Category Archives: Communication

Why & How to Communicate Better

So you think you can write a professional letter?

The art of letter writing is not forgotten, at least not by Nicolas Di Tempora over at Copywriting in Action.

Wouldn’t it be nice if all the emails you receive at work were written like this?  Clear, to the point, effective.

Give the people you communicate with a break – see below to learn how to write compelling, concise, objective letters and emails.

And go see Nicolas’ website if you’d like more information and courses on writing effectively.

Professional-Letter1

How To Speak So That People Want To Listen

Successful communication is an essential leadership and life skill.  Engaging well with others depends on it.

Here’s Julian Treasure with a 10-minute TedX talk on “How to speak so that people want to listen” that’s very worthwhile, with one caveat about his take on “judging” (more on that in a bit).

In summary:

If you want people to listen and take notice when you speak, you may want to audit yourself and be sure you’re not committing one or more of these “seven deadly sins” of speaking.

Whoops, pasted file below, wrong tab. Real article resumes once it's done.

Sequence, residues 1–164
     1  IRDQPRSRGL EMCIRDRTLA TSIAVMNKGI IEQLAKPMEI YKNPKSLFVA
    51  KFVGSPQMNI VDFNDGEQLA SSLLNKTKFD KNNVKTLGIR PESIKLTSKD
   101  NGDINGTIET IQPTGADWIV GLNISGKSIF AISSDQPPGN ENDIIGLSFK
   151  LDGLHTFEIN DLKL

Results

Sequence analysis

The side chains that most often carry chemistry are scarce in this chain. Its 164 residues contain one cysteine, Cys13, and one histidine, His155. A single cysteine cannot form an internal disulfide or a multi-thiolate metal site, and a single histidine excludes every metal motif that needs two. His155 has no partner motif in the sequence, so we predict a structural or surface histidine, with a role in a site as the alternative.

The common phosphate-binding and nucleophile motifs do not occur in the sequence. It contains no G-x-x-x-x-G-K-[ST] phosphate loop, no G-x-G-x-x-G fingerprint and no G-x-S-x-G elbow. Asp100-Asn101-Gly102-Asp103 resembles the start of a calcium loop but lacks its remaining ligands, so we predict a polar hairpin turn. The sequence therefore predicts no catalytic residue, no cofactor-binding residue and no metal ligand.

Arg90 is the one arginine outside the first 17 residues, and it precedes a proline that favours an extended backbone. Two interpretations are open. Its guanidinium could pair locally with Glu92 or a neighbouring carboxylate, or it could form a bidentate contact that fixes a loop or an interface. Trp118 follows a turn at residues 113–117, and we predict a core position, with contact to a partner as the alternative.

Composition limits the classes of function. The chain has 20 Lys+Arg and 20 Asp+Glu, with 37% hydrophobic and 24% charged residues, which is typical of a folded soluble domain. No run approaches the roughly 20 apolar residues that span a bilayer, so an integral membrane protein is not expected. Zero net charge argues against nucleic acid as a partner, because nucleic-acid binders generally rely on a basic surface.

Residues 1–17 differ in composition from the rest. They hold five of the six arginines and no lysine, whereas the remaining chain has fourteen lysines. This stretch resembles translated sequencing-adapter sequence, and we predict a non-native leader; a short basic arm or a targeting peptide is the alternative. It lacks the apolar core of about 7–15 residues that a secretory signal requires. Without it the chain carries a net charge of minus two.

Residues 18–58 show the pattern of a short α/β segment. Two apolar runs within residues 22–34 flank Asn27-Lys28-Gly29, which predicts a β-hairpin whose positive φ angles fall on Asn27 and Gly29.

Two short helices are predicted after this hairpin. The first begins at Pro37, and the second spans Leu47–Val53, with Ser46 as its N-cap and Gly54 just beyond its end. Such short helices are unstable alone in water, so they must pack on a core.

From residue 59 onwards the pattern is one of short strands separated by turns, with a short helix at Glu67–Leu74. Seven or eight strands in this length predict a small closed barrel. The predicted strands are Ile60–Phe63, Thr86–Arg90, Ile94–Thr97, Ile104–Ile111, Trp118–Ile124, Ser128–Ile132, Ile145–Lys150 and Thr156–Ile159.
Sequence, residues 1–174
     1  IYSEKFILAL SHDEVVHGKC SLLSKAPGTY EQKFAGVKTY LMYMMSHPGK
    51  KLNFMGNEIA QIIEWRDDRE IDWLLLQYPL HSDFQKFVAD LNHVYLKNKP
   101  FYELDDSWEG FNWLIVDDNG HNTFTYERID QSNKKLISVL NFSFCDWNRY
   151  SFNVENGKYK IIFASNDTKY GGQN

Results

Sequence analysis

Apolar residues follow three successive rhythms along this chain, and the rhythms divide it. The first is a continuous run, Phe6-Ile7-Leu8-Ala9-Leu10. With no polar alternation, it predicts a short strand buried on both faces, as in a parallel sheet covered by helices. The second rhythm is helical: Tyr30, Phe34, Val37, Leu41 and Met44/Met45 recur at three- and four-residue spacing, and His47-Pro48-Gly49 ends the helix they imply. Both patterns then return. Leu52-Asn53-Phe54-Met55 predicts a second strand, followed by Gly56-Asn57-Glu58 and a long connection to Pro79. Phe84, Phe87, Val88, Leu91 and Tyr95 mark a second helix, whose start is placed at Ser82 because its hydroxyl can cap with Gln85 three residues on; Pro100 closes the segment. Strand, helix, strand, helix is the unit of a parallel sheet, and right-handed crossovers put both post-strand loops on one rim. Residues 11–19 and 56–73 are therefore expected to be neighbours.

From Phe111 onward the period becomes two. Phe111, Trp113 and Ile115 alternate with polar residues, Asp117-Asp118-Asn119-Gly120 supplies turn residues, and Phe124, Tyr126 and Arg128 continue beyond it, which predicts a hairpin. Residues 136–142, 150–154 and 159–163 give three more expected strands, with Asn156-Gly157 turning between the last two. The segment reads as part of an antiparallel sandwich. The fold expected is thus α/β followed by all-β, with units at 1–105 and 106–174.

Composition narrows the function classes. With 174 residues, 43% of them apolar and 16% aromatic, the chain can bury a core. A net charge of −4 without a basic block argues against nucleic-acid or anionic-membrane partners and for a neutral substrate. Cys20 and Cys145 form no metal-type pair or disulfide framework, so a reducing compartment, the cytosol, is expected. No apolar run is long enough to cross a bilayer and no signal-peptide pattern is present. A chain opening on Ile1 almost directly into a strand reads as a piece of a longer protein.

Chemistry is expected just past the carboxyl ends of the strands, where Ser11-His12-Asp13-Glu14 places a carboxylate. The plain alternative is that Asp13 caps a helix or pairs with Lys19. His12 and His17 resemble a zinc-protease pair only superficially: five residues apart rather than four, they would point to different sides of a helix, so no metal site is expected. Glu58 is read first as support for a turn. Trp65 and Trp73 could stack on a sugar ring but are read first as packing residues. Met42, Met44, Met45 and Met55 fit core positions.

1.  Gossiping – speaking ill of someone who is not present.  Nobody really likes a gossip.

2.  Constantly pronouncing judgment – Julian states it simply as “Judging”, with which I cannot agree. (This is the caveat. More below.)

3.  Being negative – nobody listens to a pessimist (except maybe another pessimist);

4.  Complaining – which Julian aptly refers to as “Viral Misery”;

5.  Making excuses – not taking responsibility for one’s actions, always blaming someone else.  (MJ: No surer way exists to stymie your progress in an organization);